“And Hannah prayed, and said, My heart rejoiceth in the LORD, mine horn is exalted in the LORD: my mouth is enlarged over mine enemies; because I rejoice in thy salvation.”
(1 Samuel 2:1)
In all the Bible there is scarcely a more insightful—not to mention beautiful—prayer than that of Hannah’s. Hannah was a godly woman who lived in Israel more than a thousand years before the birth of Christ. The book of 1 Samuel introduces her to us as one who desperately wanted a child and prayed fervently to that end. Her heartfelt cries were answered and God and granted her a baby boy whom she called Samuel. In gratitude, Hannah dedicated him wholly to the Lord’s service (1 Samuel 1:21-28). It is fascinating to think that in response to her humble prayers, God not only blessed Hannah with a son, He blessed Israel with a prophet who showed uncommon faithfulness, courage and consistency (cf Jeremiah 15:1). Hannah’s prayer of gratitude reveals remarkable theological and eschatological insight. Today’s verse reminds us that God’s people have always had their enemies. Even so, Hannah knew very well that, given God’s nature and character, this was nothing to be overly stressed or concerned about. “There is none holy as the LORD:” she declared, “for there is none beside thee: neither is there any rock like our God” (1 Samuel 2:2). She further observed, “the LORD is a God of knowledge, and by him actions are weighed” (1 Samuel 2:3). In other words, all knowledge is traceable to God. We might say that God is the capital “K” Knower and Pre-interpreter of all things. We are derivative small “k” knowers. We only know because the One in Whom are hid all the treasures of wisdom and knowledge has informed us (Job 38:36; Psalm 51:6; 94:9-10; Colossians 2:3). God’s judgments furthermore provide the needed objective rational and moral standards; it is by Him, Hannah informs us, that actions are weighed. She also shows remarkable insight into God’s limitless power, His ability to do the seemingly impossible. “The LORD killeth, and maketh alive” she declared, “He bringeth down to the grave, and bringeth up” (1 Samuel 2:6). Hannah knew about God’s power to raise the dead, which doctrine would become central to the Lord’s entire religious system and plan for man (1 Corinthians 15). Finally, we marvel at Hannah’s knowledge of eschatology. She knew about the coming of God’s special King who would one day subdue His enemies with irresistible, supernatural power (1 Samuel 2:10). For her humility and faithfulness, God granted her the privilege of being the first to refer to the coming King as God’s anointed one, or, more familiar to us, the Christ. Let us re-read Hannah’s humble, believing prayer with fresh eyes, open hearts, and with teachable spirits today. Who knows what else the Good Father may reveal to us?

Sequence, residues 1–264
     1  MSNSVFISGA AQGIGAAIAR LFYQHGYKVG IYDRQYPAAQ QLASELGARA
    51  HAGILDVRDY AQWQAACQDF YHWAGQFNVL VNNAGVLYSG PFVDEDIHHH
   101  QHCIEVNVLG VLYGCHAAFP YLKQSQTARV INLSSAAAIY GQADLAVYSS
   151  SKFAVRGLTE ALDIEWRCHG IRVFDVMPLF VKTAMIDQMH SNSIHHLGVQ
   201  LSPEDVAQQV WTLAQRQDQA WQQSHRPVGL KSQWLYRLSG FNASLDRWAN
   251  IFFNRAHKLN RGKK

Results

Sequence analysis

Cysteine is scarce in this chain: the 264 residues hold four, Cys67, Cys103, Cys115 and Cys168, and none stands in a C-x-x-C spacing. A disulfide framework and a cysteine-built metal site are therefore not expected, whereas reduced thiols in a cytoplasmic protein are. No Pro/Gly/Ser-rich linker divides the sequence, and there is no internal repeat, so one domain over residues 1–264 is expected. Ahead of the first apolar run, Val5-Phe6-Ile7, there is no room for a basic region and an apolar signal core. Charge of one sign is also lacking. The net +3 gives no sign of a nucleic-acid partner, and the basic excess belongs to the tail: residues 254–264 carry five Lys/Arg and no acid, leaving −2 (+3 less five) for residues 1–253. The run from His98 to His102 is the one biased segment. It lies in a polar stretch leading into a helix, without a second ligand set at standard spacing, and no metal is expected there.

God bless you all!